The charity arm of Southern Land Company’s Westhaven community in Franklin presented the Tennessee chapter of the Alzheimer’s Association with a check for $20,000.
Residents of Westhaven make up what is called The Westhaven Foundation, a philanthropic organization that raises money for various and sundry causes and organizations like Vanderbilt Children’s Hospital in 2019 or for the Alzheimer’s Association last year. The latter came by way of a 5K run, which raised $17,000 for the Tennessee Alzheimer’s Association, which the group has turned into and annual event. This year’s iteration, held in April, raised even greater proceeds for the Association.
Funds were donated by way of The Longest Day campaign, the Alzheimer’s Association’s DIY fundraising initiative for which participants host their own event to raise awareness and funds on the organization’s behalf.
“We are so thankful to the Westhaven Foundation for their enthusiastic support of The Longest Day fundraising initiative,” said Amy Albright, Director of the Nashville Walk to End Alzheimer’s. “Their continued commitment to the mission of raising awareness of Alzheimer’s and dementia, and funds for care and support programs as well as research, shows the heart of this community.”
Westhaven's inaugural 5K Memory Run made the group the biggest donor for The Longest Day Campaign in 2019, which provided further incentive to make it an annual event; however, the COVID-19 quarantine shut down efforts to host the run not only in 2020 but also in 2021. As such, this year’s run was only the second such run Westhaven has been able to organize.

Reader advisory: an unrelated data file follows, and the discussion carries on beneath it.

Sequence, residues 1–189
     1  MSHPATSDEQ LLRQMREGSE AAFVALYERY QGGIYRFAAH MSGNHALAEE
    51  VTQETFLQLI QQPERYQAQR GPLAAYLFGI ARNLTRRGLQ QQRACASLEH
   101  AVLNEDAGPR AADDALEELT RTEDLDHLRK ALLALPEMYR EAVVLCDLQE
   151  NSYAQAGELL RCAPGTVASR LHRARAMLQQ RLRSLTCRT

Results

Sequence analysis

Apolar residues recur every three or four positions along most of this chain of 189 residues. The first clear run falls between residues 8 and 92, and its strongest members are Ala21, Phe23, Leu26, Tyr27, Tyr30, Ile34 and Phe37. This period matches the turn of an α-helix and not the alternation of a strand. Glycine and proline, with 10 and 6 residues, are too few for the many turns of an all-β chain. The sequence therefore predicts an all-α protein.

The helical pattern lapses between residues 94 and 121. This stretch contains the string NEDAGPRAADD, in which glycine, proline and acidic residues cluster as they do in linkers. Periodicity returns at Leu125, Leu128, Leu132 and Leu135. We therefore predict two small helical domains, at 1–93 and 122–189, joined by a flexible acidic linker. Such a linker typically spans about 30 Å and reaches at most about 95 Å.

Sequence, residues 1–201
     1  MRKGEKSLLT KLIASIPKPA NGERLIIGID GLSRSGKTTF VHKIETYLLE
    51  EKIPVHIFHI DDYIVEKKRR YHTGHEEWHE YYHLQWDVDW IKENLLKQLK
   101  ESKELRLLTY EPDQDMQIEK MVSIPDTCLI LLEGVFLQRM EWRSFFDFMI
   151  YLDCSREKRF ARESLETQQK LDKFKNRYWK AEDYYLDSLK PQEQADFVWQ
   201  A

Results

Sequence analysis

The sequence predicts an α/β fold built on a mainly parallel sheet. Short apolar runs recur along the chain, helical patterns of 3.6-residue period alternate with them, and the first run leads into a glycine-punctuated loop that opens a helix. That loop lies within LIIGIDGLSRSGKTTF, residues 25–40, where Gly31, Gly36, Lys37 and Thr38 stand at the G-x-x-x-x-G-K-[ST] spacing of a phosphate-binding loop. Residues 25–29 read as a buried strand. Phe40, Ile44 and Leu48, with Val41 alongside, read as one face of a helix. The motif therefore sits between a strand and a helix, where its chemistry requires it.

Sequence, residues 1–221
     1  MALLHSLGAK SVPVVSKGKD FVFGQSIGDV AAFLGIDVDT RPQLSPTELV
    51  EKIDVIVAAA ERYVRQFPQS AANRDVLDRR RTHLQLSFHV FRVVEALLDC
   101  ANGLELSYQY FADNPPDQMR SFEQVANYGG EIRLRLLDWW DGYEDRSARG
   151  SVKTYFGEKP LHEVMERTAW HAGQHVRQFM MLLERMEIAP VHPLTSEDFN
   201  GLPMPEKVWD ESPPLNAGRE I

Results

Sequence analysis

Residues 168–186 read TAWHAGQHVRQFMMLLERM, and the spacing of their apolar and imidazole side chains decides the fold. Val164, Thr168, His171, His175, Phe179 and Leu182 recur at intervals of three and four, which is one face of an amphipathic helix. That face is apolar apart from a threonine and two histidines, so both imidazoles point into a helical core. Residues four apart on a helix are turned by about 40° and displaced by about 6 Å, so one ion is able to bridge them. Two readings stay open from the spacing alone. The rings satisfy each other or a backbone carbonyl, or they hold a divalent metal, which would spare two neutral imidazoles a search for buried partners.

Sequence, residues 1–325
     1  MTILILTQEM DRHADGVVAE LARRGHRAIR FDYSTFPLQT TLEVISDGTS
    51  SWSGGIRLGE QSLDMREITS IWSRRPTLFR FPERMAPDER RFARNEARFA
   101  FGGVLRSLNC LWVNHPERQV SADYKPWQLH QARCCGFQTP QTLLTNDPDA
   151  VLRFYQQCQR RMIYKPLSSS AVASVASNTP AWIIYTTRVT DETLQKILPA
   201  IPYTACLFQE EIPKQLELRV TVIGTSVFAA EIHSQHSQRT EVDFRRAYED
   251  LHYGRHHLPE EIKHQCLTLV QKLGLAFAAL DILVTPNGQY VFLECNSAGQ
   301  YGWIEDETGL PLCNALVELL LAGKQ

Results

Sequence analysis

This year’s proceeds stemmed primarily from donations, race registrations and sponsorships. The resultant check was presented by Amy Law — Westhaven’s regional director of community management and an executive board member of The Westhaven Foundation — to Albright who accepted on behalf of The Longest Day Campaign.
“While the 5K Memory Run is a fun, family-friendly event that welcomes both Westhaven residents and the greater community, the race is ultimately held to raise awareness of the meaningful work the Alzheimer’s Association does and funds that go toward patient care and support, and research efforts for this disease,” said Law. “This event would not have been possible without the amazing support of our sponsors and the efforts of our many volunteers.”
The 5K Memory Run took place at Westhaven. Its course began at the Westhaven Residents’ Club and wound along residential streets and paved trails. Between the 5K and the Kids’ Fun Run, the event saw 229 participants in total from competitive runners to casual walkers.
The Alzheimer’s Association is a global voluntary health organization that says it is committed to care, support and research in the Alzheimer’s segment of the healthcare continuum.